Having a Little Fun with Diamond Inclusions to Avoid…
Our recommended online discount diamond store, James Allen, includes the diamond certificate on each stone that it offers, right up front as part of the digital inspection – before you buy. We recommend that you buy only GIA graded diamonds. There are many diamond grading labs, but GIA represents about 80% of the James Allen inventory. Below, find a hyper link matrix to James Allen’s inventory – GIA graded diamonds only. Across the top is the carat weight and down the side is the clarity value (worst at the top, best at the bottom – the top will likely contain many of the diamond inclusions to avoid). You can have some fun and see what some of the clarity characteristics above look like up close. More importantly, you can play with the 4C’s and find the perfect diamond for your price range. James Allen has over 13,000 diamonds in its online inventory and they are about 30-50% off retail prices.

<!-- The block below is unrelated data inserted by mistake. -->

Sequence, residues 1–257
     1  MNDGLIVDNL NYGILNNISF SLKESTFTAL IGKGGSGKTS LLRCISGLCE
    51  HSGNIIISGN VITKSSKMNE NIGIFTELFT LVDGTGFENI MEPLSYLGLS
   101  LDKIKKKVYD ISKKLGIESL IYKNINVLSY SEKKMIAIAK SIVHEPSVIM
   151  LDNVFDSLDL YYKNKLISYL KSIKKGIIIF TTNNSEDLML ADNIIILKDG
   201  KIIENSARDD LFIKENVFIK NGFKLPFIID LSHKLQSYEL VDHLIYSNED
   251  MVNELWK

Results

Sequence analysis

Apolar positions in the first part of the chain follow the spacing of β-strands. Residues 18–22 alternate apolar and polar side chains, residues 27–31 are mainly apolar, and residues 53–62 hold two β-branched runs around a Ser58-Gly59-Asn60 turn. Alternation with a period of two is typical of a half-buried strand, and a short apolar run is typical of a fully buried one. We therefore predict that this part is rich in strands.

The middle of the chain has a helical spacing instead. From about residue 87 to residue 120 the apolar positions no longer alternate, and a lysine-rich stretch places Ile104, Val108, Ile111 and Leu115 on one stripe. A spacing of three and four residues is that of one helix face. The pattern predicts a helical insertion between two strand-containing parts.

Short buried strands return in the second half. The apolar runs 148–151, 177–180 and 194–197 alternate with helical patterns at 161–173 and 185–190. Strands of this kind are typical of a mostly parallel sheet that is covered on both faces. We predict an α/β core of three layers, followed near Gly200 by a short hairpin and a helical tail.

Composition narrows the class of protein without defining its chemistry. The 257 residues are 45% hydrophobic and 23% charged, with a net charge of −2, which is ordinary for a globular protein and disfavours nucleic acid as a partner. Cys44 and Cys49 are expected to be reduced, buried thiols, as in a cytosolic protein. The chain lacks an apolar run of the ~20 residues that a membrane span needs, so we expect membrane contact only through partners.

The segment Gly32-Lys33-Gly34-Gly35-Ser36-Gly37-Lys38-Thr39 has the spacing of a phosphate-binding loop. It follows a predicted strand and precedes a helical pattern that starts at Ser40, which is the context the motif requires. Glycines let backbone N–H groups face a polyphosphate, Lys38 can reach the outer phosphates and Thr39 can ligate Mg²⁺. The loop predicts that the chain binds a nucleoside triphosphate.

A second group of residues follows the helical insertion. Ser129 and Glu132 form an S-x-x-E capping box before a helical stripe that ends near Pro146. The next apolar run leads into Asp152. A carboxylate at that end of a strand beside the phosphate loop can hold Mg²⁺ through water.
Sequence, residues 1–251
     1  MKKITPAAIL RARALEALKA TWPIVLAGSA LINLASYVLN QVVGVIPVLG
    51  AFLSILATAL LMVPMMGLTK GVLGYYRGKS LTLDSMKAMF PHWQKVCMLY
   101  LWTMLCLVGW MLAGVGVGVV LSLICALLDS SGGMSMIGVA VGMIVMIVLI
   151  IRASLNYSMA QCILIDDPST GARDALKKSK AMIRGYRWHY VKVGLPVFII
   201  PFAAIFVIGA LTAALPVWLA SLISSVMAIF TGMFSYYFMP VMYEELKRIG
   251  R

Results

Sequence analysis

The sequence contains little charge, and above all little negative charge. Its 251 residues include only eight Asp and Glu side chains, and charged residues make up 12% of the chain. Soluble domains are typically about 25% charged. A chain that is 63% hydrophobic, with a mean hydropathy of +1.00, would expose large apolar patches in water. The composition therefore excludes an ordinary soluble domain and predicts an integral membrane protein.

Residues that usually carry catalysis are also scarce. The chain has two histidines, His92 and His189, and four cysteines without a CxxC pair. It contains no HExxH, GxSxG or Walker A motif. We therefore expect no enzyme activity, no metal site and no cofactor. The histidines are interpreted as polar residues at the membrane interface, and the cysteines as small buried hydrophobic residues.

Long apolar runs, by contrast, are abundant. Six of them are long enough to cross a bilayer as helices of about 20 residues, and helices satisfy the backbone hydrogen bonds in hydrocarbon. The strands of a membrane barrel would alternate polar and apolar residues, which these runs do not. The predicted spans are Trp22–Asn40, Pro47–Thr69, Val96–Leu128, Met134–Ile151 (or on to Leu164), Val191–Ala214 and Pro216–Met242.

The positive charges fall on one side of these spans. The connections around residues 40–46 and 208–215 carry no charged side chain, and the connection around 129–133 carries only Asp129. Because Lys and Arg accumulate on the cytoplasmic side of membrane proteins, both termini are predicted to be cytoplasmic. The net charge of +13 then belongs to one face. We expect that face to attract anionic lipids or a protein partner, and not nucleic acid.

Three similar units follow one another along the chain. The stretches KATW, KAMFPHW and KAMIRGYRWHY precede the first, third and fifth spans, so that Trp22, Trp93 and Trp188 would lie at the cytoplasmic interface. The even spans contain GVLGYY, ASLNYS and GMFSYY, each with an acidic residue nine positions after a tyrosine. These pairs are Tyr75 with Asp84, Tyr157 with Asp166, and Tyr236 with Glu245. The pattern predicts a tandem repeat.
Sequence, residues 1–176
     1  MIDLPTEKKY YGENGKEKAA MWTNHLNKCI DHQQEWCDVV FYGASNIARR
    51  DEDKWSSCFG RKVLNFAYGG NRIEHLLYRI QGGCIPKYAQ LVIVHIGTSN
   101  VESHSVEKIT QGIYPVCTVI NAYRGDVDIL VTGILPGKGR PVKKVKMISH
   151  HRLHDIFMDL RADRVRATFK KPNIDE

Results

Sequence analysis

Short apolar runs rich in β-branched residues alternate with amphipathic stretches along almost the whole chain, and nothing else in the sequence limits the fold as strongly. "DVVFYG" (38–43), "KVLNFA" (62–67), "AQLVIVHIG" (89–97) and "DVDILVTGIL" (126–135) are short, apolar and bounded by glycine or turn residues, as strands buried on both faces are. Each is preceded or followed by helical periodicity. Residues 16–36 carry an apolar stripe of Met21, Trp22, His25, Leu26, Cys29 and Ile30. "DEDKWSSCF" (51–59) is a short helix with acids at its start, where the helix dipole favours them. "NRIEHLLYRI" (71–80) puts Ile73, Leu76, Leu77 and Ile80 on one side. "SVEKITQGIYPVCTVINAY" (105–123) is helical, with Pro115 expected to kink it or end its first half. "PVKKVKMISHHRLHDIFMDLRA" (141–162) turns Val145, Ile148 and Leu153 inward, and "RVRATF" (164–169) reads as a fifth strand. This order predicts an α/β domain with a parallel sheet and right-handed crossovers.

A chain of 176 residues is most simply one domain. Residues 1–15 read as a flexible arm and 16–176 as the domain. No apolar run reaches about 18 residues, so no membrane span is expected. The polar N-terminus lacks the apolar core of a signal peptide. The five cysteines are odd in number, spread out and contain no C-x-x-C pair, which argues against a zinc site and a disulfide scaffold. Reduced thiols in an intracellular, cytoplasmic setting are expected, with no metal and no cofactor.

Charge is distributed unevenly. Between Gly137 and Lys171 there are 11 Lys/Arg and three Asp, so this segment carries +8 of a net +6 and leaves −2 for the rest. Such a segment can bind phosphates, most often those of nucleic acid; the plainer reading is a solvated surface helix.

(Worst to Best)
|I1||½ Carat||1 Carat||1½ Carats||2 Carats||3 Carats|
|SI1 & SI2||½ Carat||1 Carat||1½ Carats||2 Carats||3 Carats|
|VS1 & VS2||½ Carat||1 Carat||1½ Carats||2 Carats||3 Carats|
|VVS1 & VVS2||½ Carat||1 Carat||1½ Carats||2 Carats||3 Carats|
|Internally Flawless (IF)||½ Carat||1 Carat||1½ Carats||2 Carats||3 Carats|